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The Democratic Strategist

Political Strategy for a Permanent Democratic Majority

A Closer Look at the “Uniparty” Fable

RFK Jr. and MTG are using the same dismissive term for major-party differences. I took at look at this phenomenon at New York:

Partisan polarization has been steadily growing in the U.S. since roughly the 1960s. Ironically, during this time, the complaint that the two parties are actually too alike has become increasingly prevalent. For years, right-wing Republicans have called people in the GOP who don’t share their exact degree of ideological extremism RINOs, or “Republicans in name only,” suggesting they’re basically Democrats. Left-wing Democrats occasionally echo these epithets by calling (relative) moderates “DINOs,” “ConservaDems,” or — back when maximum resistance to George W. Bush was de rigueur — “Vichy Democrats.”

Today the term “Uniparty” has come to denote the idea that Democrats and Republicans are actually working for the same evil Establishment enterprise, their loudly proclaimed differences being a mere sham. This contention was the culmination of a five-page letter Marjorie Taylor Greene recently sent her Republican colleagues calling for House Speaker Mike Johnson’s removal, unless he changes his ways instantly. She wrote:

“With so much at stake for our future and the future of our children, I will not tolerate this type of ‘leadership.’ This has been a complete and total surrender to, if not complete and total lockstep with, the Democrats’ agenda that has angered our Republican base so much and given them very little reason to vote for a Republican House majority …

“If these actions by the leaders of our conference continue, then we are not a Republican party – we are a Uniparty that is hell-bent on remaining on the path of self-inflicted destruction.”

Independent presidential candidate Robert F. Kennedy Jr. also leaned heavily into the Uniparty idea in his recent speech introducing running-mate Nicole Shanahan:

“Our independent run for the presidency is finally going to bring down the Democrat and Republican duopoly that gave us ruinous debt, chronic disease, endless wars, lockdowns, mandates, agency capture, and censorship. This is the same Trump/Biden Uniparty that has captured and appropriated our democracy and turned it over to Blackrock, State Street, Vanguard, and their other corporate donors. Nicole Shanahan will help me rally support for our revolution against Uniparty rule from both ends of the traditional Right vs. Left political spectrum.”

The Uniparty claim is ridiculous, of course, as FiveThirtyEight’s Geoffrey Skelley demonstrates:

“[O]ur current political moment is arguably farther away from having anything resembling a uniparty than at any other time in modern U.S. history. Based on their voting records, Democratic and Republican members of Congress have become increasingly polarized, and both the more moderate and more conservative wings of the congressional GOP have moved to the right at similar rates. Meanwhile, polling suggests that Americans now are more likely to view the parties as distinct from one another than in the past, an indication that the public broadly doesn’t see a uniparty in Washington. Although there are areas where the parties are less divided, the broader uniparty claim is at odds with our highly polarized and divided political era.”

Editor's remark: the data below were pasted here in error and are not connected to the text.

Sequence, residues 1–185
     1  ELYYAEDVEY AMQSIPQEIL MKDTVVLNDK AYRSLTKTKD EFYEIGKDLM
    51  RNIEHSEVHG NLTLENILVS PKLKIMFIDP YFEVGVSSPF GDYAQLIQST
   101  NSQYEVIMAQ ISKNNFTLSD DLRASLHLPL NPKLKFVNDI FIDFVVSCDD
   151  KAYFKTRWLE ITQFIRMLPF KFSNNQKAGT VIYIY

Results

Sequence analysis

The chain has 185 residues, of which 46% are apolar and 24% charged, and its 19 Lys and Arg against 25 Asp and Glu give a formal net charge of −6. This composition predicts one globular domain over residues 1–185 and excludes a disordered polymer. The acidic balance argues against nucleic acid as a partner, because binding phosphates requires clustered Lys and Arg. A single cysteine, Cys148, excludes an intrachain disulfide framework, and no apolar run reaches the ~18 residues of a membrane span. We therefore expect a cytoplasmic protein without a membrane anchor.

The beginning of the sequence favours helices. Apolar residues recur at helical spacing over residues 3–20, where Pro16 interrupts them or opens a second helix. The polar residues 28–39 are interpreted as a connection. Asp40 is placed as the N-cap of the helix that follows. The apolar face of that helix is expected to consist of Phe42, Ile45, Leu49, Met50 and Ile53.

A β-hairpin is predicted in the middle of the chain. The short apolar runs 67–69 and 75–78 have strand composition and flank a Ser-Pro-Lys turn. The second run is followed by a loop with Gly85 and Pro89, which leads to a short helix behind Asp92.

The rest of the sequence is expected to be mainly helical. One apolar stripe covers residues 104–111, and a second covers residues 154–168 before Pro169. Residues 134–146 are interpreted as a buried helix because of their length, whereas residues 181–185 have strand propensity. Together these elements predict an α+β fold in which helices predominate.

Kennedy’s subscription to the Uniparty notion is understandable on two points. The first is that his candidacy is vastly more likely to tilt the 2024 presidential campaign in the direction of one of the two major-party candidates (likely Donald Trump, according to most of the polling) than to actually succeed in winning the presidency. Maintaining that it really doesn’t matter whether it’s Biden or Trump running the country is essential to maintaining RFK’s appeal as November approaches and the futility of his bid becomes clearer. Second, Kennedy’s pervasive conspiracy-theory approach to contemporary life lends itself to the argument that the apparent gulf between the two major parties is a ruse disguising a sinister common purpose.

MTG’s Uniparty contention also reflects dual motives. In part she is simply echoing Trump’s weird but useful contention that he’s an “outsider” battling a Deep-State Establishment that secretly controls both parties, which is pretty rich since he dominates the GOP like Genghis Khan dominated the Golden Horde. But there is a marginally more legitimate sense in which key elements of the two parties really are in line with each other on isolated issues that happen to obsess Greene, such as aid to Ukraine. If you are a hammer, as the saying goes, everything looks like a nail.

The same is true of other implicit Uniparty claims, particularly those made by progressive pro-Palestinian protesters who adamantly argue that the need to smite “Genocide Joe” Biden for his pro-Israel policies outweighs all the reasons it might be a bad idea to help Trump return to the White House (including the fact that Trump is palpably indifferent to Palestinian suffering). If the two parties do not appear to differ on your overriding issue, then the fundamental reality of polarization can fade into irrelevance.

So we’re likely to hear more Uniparty talk even as Democrats and Republicans head toward another highly fractious election with very high stakes attributable to their differences.

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